Wednesday, October 31, 2012


Halloween. My favorite holiday. Christmas used to by my favorite, natch. But then I spent many years as a lonely miserable bachelor. Christmas is harsh under those circumstances. I got married in 1997 and had two wonderful Christmases as a newlywed. Then we had kids.

So yeah... Christmas is not a favorite.

Halloween has always been a favorite. It seems to combine a couple of my passions. History, horror, pop culture, fall, and I used to love candy. I love the decorations, I love the traditions, I love the origins. I'm all about the culture of something. And holidays are usually the first stop in defining a people's culture.

Rather than boor you with the history of Halloween, with the differences between Halloween of today and of yesteryear, or with Halloween nostalgia, I'm going to just bow out of it and offer you this:

Thanks to my Mom, it's the DCD Halloween pics of years gone by.


Monday, October 29, 2012

New York ComicCon

On October 5th, 2012, my oldest son Ashton turned 13. That's right, I'm a parent to a teenager.

The reality seems a little bit off here. I still consider us to be parents of toddlers, rookies in the parenting world. But apparently, that is not the case. It sneaks up on you. We've seen Ashton every day, it's not like he was a sweet, loving little boy one day and then BAM... teenager. He's been changing little-by-little all year long. If we're being honest, then I have to say I've considered him a teenager for the last six months.

But what do you get a teenager for his birthday? Toys are not his thing anymore. There's only so much video game playing I can handle. And he is well supplied with music and iTunes gift cards.

When we asked Ashton what he wanted for his birthday, there were two things. The first was a pair of noise canceling (daddy yelling negating) headphones. The second was toys from the movie Aliens.

Ashton's turning into something of a collector in his own right. Loving the movie Aliens so much that he's begun seeking out merchandise from it. Whether it was accidental or a direct influence, his tastes turn away from current day obsessions and his loves are from the past. Alien, Predator, Terminator, James Bond, and other things hold his attention. So when he says he wants Alien toys for his birthday, Lorie and I sigh heavily. This is not a quick run to Target.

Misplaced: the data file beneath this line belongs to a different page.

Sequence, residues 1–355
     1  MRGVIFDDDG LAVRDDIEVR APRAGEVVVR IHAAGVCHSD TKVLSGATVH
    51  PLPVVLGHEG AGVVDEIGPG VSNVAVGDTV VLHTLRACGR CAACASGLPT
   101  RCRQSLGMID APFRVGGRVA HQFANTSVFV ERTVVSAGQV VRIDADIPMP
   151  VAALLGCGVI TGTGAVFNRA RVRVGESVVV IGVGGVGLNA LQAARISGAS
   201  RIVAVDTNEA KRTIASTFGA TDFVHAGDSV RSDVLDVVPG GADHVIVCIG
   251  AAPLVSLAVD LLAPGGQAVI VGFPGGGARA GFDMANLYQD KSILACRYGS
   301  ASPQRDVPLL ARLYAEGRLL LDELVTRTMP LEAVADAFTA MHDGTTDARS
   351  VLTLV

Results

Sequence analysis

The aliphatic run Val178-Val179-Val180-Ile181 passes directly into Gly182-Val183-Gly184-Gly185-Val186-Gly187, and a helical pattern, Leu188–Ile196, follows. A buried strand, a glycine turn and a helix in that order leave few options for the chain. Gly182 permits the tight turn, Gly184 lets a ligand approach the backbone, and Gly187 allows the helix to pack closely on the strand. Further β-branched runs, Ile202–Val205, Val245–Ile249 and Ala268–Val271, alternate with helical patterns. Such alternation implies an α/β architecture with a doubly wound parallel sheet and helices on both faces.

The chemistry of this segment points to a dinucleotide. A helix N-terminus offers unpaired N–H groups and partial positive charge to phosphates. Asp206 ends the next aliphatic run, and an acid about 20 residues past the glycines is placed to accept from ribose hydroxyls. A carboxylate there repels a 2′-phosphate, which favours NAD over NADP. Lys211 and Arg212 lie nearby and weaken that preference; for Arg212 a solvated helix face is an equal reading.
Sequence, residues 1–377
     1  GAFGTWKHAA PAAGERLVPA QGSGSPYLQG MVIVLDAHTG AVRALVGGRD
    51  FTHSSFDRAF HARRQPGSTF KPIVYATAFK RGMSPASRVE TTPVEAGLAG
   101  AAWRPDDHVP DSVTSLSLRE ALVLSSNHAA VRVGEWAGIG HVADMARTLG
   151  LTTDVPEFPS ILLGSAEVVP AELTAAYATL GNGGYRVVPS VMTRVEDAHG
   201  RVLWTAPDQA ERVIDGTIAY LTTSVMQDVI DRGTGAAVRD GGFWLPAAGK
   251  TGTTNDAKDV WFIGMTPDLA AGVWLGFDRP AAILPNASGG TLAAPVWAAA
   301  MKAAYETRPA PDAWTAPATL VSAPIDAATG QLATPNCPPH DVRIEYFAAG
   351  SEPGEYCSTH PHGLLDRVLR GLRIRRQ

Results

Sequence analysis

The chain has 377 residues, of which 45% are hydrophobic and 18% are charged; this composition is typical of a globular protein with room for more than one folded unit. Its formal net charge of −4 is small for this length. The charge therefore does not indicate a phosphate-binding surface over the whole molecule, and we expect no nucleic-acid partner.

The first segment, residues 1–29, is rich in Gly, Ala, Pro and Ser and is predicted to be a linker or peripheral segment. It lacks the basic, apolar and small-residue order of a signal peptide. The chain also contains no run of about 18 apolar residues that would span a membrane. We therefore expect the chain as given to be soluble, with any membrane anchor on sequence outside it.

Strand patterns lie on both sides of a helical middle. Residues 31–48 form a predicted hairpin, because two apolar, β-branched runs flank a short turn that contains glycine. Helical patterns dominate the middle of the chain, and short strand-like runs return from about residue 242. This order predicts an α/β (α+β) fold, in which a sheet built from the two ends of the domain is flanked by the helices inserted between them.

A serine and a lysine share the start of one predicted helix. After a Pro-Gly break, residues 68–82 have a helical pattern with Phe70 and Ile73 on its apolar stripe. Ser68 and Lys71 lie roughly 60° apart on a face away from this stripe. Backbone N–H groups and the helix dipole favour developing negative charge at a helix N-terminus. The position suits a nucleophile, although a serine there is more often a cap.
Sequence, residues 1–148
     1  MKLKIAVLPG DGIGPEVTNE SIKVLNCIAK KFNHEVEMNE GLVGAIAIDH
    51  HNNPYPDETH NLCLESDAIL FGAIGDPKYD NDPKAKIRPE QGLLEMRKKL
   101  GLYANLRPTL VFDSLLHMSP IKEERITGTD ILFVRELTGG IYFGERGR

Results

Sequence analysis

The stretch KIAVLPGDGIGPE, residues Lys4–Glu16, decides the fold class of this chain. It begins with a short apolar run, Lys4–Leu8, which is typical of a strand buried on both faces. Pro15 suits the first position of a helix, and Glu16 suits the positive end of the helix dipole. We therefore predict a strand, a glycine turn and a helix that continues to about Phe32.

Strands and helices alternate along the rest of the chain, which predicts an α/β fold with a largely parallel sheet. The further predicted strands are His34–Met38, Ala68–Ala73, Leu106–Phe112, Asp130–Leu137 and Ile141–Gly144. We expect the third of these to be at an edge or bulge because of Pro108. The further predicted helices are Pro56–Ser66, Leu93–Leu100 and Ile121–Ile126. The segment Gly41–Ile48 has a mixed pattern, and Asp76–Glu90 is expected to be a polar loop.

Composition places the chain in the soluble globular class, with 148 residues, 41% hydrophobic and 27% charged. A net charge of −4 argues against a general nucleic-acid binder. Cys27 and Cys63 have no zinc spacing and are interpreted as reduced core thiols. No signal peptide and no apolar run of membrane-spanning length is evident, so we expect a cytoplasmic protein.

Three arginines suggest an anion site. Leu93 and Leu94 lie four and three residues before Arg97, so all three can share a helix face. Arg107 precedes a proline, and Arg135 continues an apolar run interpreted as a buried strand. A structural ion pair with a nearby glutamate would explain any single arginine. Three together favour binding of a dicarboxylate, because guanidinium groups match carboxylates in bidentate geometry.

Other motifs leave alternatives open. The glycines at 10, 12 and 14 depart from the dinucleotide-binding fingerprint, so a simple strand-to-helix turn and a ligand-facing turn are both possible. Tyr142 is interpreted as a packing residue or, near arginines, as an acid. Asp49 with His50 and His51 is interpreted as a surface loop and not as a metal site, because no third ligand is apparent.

The other factor in here is how hard he worked this last summer. He decided he wanted to earn extra money and in May asked me for permission to mow other people's lawns. He made business cards and walked the neighborhood looking for business. He only locked down two customers, but between the two of them he was able to build up quite a bank account. He was allowed to use a portion of that money on fun stuff. His first choice was Nerf weaponry. I turned that down, as there's only so any Nerf guns we can store in the house and the back yard.

So... a good way to meet both the needs of allowing him to spend some hard-earned cash and to give him a memorable birthday treat was to take him to the New York ComicCon.

We got up at 4 A.M. on a Friday, drove the five hours to the Javitz center in New York, spent all day at the convention, met my sister for a chat over appetizers (I'm not allowed to say where we ate), and then we headed home. Quite the day.

The Empire State Building off in the distance.

We both loved seeing all the costumes there.

Aquaman was being proudly featured at the DC booth.

Ashton got to see the cargo loader from Aliens up close and personal.

We were exhausted at lunch. Sitting in a corner on the floor. My back was giving me problems all day.

I scored a retro-cloth Mego like pair of figures of the Six Million Dollar Man and Bigfoot.

Found the Human Torch Hot Wheels car from the seventies. For some reason, I'm a sucker for the super-hero Hot Wheels and Corgi cars.

And Scooby Doo. I finally have my Mystery Machine!

Aquaman. On a 1965 Ford Ranchero? Eh. I'll take it.

Found this Aquaman poster in a pile of old things. Love it.